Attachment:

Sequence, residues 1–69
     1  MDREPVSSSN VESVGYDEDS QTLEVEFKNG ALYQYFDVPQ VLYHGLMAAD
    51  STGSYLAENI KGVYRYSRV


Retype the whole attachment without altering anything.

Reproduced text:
Sequence, residues 1–69
     1  MDREPVSSSN VESVGYDEDS QTLEVEFKNG ALYQYFDVPQ VLYHGLMAAD
    51  STGSYLAENI KGVYRYSRV